Is identity something you take on or is it a construct you pull apart or is it a persona you erect or is it a side you reveal, a laugh you express, a cry you exude, a fashion you wear?
The blood we keep spilling, the methods of slaughter that swell from age to age—I know them—I’ve read about them—I’ve witnessed some. Breonna Taylor. George Floyd. Iyanna Dior. Monika Diamon. Nina Pop. Tony McDade. Dominique “Rem’mie” Fells. Riah Milton. Oluwatoyin “Toyin” Salau. I’m not a historian but I see the repetition. The same repeating pattern as a villanelle—when the opening line (the beginning) is repeated as the last line of the second and fourth tercets; and the third line of the first tercet is repeated as the last line of the third and fifth tercets; and the opening line (the beginning) and the third line become the refrain (the beginning and the end) that is repeated in the last two lines of the quatrain.
The beginning. The end.
Underhum of Unrest and Unease
I stray away from favorites. But when it comes to writers, my favorite, which I have namedropped in this memoir, is Virginia Woolf, and my secondmost favorite is Toni Morrison. Today if she were still alive, I think she would be repeating her words from her novel Beloved—“Not a house in the country ain’t packed to its rafters with some dead Negro’s grief.”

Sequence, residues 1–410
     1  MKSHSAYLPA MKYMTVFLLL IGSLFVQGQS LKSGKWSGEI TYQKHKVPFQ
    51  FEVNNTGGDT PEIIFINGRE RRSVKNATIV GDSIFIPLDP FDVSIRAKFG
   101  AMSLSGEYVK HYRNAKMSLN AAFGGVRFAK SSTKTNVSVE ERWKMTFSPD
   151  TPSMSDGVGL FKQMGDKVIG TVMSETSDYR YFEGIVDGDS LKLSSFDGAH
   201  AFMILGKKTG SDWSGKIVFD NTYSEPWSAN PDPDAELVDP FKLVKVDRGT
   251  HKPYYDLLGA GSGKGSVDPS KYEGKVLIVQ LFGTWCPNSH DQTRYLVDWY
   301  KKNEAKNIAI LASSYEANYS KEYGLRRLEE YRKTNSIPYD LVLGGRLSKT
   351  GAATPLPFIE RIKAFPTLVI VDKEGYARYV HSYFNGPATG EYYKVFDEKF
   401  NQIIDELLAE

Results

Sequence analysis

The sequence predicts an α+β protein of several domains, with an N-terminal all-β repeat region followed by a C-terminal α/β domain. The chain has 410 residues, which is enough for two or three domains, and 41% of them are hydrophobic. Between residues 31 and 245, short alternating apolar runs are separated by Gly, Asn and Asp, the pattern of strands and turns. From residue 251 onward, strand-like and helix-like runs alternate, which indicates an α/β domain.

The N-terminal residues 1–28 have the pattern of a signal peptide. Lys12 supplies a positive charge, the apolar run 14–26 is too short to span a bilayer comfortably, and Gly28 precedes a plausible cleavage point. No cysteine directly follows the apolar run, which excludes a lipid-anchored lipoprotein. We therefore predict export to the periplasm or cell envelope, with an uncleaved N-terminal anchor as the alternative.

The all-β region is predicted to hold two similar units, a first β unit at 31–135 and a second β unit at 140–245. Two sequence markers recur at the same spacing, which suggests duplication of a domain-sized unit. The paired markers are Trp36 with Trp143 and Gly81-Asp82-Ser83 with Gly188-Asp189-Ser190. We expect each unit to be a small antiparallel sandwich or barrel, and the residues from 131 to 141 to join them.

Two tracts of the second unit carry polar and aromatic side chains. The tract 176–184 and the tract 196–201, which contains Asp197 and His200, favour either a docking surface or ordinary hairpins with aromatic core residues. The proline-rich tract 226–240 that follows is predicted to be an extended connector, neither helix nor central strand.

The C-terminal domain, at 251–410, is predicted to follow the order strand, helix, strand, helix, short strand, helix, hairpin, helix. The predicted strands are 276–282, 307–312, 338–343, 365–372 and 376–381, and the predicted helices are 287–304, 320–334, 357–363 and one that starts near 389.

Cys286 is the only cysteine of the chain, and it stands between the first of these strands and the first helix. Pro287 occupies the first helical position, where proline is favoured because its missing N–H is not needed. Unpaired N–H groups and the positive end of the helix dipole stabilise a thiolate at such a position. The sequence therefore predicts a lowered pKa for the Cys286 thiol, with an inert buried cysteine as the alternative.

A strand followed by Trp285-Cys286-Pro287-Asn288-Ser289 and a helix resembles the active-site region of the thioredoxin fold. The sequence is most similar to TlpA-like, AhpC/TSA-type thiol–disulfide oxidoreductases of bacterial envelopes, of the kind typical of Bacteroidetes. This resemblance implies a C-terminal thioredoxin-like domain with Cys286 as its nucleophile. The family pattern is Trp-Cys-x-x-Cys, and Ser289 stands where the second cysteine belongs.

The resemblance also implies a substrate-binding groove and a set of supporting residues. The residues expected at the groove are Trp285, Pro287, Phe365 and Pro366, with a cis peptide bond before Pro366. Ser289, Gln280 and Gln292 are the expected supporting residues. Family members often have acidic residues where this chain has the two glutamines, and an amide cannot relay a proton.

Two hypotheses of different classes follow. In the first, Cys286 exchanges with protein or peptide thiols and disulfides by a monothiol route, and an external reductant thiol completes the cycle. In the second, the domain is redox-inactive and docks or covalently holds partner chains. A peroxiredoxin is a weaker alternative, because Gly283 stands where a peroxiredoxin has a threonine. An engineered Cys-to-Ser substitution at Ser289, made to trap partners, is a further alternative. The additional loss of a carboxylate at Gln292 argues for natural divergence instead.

My life and my memoir feel as if every hour were a festival of self-reinvention. Writing the past is an exercise of reinvention. The time. The characters who reside beside me. The historical chimes of twentieth-first-century-earthquaking news. The castes. The creeds. The colors. A sense of dread. A sense of near end.
I no longer make excuses for my fierce ability to stay alive among the rightward tilt of everything dear to me. Among the underhum of unrest and unease.
Yesterday I learned of an author who wrote ten memoirs. Who has the nerve to do that? Shouldn’t she be excommunicated from the canon? How self-indulgent is that to hammer the world with ten books about yourself? I imagine if there were a self-like key on Facebook, she would tap, tap, tap that button every day.
The immediacy of finishing this book increases with each summer 2020 day that passes. I don’t make apologies for writing this memoir—and I no longer say excuse me for my existence. Age is a reflector of history. A woman takes on so much horror and regurgitates its out—speaking bitterness, breathing lightness, irrigating the lifeforce. A memoir exhumes these buried feelings.
Fear and insecurity engendering in us create anesthetized members of society. I don’t want to be crossed out by this worldwide calamity. I don’t want to be erased.
The writer notices everything. I stare at everything. PK averts her eyes. It is disrespectful to look strangers in the eyes.
Virginia Woolf said about Leonard Woolf that he was the best husband. She called him Mongoose and said, “I have him every day.”
I see I have PK every day. Of course, it is true there are things we despise in each other. I must remember to include in these pages all the things I despise in her.